If you’re using this structure, make sure all your characters have clear goals in mind, including your antagonists. It’s easy to focus on your heroes, but remember to make your antagonists just as believable.
Also, look for ways to heighten the stakes. Can you put your characters under even more pressure?
Screenwriting Tips 3: Write Realistic Dialogue
Dialogue is one of those tricky things that can make or break a script. Everyone sitting watching a film at home or in the cinema can spot when dialogue is poor or clunky.
Good dialogue sounds natural and believable. If your characters are human, their dialogue should flow just like talking to someone you know. In real life, people don’t recap key story points, or share excessive details in conversation. It’s rare that people talk in monologues (unless they are delivering a key note speech or a press conference etc).
If your characters aren’t human, their dialogue should be believable to their species as you imagine it and consistent.
For great dialogue, each character should have their own distinct voice and style of speaking. Try listening out to people talking in public. Who uses flowery language and long sentences? Who gives yes/no answers? Who always looks on the bright side and who always responds with an objection? Try to give each individual character their own way of speaking.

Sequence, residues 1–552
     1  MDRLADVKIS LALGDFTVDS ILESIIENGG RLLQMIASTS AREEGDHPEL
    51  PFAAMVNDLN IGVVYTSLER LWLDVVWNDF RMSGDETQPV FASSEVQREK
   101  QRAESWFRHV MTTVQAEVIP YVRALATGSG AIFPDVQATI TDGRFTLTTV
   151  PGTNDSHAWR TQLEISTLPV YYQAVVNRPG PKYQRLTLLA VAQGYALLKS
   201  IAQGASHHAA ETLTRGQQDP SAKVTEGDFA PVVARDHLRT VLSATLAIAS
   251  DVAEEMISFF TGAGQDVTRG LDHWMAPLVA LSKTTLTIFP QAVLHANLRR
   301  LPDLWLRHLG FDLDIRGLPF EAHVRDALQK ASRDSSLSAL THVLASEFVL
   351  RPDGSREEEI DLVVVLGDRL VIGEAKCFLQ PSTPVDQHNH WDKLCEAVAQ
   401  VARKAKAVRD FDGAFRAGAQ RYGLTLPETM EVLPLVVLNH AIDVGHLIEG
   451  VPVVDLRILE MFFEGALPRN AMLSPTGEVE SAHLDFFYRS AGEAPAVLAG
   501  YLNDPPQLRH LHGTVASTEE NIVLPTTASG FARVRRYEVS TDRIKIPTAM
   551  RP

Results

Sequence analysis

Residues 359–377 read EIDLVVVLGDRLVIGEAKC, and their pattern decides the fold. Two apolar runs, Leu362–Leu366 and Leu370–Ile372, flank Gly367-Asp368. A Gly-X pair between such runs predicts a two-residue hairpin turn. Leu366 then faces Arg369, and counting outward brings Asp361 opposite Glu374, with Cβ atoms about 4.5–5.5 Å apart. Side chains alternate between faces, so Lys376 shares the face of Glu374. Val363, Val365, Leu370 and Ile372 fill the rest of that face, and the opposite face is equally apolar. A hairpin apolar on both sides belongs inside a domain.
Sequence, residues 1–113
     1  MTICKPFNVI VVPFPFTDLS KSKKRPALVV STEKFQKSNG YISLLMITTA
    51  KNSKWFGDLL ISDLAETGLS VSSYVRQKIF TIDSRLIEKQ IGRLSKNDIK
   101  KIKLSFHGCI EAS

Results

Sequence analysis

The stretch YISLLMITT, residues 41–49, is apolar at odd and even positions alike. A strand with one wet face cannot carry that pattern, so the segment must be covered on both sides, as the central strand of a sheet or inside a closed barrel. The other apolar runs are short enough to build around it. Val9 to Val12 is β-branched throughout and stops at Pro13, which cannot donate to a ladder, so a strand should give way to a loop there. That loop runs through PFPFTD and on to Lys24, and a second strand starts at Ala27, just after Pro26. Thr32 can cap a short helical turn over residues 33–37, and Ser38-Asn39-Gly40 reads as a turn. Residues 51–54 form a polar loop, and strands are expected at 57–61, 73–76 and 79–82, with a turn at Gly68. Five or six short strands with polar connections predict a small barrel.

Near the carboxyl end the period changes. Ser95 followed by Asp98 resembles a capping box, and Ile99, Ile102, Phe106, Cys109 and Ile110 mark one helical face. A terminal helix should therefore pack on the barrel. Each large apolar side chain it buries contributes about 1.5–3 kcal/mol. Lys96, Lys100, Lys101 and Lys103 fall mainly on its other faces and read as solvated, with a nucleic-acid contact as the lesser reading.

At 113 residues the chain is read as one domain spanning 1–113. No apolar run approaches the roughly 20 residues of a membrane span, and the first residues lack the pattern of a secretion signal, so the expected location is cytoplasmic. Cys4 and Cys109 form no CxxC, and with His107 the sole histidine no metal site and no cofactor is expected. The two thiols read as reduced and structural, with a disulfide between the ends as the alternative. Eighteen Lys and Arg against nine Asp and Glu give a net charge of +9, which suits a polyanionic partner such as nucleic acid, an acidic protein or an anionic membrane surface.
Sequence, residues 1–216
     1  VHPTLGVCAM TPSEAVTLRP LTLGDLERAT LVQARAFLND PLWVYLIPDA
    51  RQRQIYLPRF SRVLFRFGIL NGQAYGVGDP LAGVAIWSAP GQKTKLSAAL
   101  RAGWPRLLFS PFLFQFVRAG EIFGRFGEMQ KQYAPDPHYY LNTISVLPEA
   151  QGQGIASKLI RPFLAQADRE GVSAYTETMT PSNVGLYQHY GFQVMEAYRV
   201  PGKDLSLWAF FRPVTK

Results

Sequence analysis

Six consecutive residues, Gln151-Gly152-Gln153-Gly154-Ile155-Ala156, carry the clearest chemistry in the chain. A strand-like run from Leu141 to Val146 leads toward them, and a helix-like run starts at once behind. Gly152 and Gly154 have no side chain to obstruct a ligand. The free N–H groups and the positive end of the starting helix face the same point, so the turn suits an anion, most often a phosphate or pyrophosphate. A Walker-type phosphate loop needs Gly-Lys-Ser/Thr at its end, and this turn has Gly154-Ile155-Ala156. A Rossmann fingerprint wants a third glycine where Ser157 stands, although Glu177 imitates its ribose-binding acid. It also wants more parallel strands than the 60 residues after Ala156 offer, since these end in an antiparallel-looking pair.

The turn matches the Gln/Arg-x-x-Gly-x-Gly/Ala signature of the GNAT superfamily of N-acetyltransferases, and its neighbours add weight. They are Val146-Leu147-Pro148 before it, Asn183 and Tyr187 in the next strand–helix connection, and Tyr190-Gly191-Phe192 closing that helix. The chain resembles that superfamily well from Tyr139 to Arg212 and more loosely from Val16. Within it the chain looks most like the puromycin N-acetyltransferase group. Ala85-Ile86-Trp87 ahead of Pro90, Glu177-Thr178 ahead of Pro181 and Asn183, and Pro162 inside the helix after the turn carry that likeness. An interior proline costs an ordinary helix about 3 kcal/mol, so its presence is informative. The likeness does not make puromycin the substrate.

You might be interested to see our screenwriting tips on dialogue here.
Screenwriting Tips 4: Pay Attention to Pace
With all creative writing, the pace can be just as important as everything else. You’ll have probably seen an example of a film you’ve found so slow and disinteresting you’ve turned it off, or a book that you’ve put down and forgotten about because nothing has happened yet. Similarly, there have been major film and TV projects heavily criticised for being too fast, and skipping out important character development or key moments.
The story should move along at a steady pace, keeping the audience engaged and interested throughout. Action works best at a faster pace, moving quickly, but emotional scenes, or scenes that focus on a particular character’s experience, can be more satisfying when slowed right down. Think of your script as a whole, like a piece of music; where should it speed up, and where should it linger?
It can be incredibly difficult to maintain an awareness of pace as you are writing a particular scene or piece of action. It often requires you to go back later, with more of an eye on editing your work. Be prepared to revisit original drafts later on, keeping the pace specifically in mind.
Screenwriting Tips 4: Edit Ruthlessly
Once you’ve written your first draft, or second, it’s always a good idea to edit further, and to be ruthless with it. Remember, you can always add back in, if you change your mind.